2015.08.31 | Public / media

Coloured light helps elderly people to sleep better

Researchers at Aarhus University are studying the effect on the elderly of a special form of circadian rhythm lighting. The light changes colour during the day, and the first tests indicate that it can provide a better quality of sleep.

The corridors will be crowded at Navitas, Hangøvej, Katrinebjerg and Herning. A total of 991 young people ticked an engineering degree programme at Aarhus University as their first priority, of which 892 go to AU Engineering, Science and Technology, and 99 to Aarhus BSS. (Photo: Jesper Rais, Aarhus University)

2015.07.09 | Public / media, Staff

Engineering intake on the rise at Aarhus University

The deadline for applications for admission to higher education programmes in Denmark expired on 5 July. Never before have so many applied for admission to engineering degree programmes in Aarhus.

[Translate to English:] Mobilteknologien kan gøre det her til fortid. En gruppe ingeniørstuderende på Aarhus Universitet har udviklet et funktionsdygtigt, fuldautomatisk fadølsanlæg og en tilhørende app, som både registrerer bestilling, skænker op og tager imod betaling. (Foto: Colourbox).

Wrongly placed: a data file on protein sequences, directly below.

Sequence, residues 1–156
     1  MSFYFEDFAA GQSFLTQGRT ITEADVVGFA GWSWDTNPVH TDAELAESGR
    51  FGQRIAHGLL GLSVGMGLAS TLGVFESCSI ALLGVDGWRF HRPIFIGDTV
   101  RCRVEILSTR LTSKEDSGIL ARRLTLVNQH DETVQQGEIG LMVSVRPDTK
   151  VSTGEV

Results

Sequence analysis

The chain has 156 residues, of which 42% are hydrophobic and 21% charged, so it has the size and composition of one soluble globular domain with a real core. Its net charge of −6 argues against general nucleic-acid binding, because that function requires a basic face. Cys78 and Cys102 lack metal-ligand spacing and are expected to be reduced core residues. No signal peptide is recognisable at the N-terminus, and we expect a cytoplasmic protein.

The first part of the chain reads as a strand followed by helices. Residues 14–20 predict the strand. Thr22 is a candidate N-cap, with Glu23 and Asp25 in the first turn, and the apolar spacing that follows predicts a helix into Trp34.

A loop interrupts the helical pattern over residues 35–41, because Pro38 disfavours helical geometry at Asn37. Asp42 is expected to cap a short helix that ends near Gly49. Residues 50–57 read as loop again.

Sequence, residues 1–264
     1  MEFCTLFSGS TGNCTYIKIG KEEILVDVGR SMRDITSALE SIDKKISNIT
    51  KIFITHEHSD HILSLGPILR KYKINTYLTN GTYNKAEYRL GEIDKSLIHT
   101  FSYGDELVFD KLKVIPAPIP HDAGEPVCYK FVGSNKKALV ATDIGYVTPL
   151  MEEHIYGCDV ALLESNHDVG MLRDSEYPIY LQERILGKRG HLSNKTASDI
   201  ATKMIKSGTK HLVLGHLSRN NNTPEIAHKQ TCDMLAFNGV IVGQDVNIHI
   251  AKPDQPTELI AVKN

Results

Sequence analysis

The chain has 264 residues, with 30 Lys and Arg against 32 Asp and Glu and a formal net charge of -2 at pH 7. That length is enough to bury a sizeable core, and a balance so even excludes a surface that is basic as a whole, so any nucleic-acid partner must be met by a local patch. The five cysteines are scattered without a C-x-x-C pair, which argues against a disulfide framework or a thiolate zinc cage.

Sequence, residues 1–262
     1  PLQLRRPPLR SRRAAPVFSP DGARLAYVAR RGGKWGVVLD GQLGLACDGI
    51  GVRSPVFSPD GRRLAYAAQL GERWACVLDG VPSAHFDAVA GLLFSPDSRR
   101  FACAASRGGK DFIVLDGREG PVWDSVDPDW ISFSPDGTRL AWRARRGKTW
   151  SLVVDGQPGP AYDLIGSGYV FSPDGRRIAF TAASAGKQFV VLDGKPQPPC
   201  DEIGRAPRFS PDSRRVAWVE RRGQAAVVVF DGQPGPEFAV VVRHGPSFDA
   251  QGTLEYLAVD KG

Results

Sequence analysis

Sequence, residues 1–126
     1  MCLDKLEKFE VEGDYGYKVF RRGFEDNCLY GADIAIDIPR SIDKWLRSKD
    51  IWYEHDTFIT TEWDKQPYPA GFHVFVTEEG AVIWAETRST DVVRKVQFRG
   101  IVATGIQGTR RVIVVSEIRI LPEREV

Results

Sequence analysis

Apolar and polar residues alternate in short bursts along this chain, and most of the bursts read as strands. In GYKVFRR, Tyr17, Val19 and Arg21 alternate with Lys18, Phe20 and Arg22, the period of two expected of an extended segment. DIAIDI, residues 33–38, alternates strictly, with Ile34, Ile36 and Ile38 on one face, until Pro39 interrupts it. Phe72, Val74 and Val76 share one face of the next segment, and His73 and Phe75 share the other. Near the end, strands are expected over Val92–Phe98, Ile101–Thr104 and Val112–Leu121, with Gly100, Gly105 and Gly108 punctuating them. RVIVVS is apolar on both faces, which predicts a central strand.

2016.04.05 | Public / media

[Translate to English:] Højteknologisk fadølsanlæg får premiere i Aarhus

[Translate to English:] En gruppe ingeniørstuderende har opfundet et højteknologisk fadølsanlæg, der kan skænke i nøjagtige mængder og tage imod betaling helt uden betjening.

An arm from an industrial robot, a scanning head produced in a 3D printer, and a small amount of new robotic technology. These are the main ingredients in the invention made by two students in connection with their now completed MSc project. The patent is in the bag and they will launch an ultrasound robot on the global market in a few months. (Photo: Johannes Hollensberg)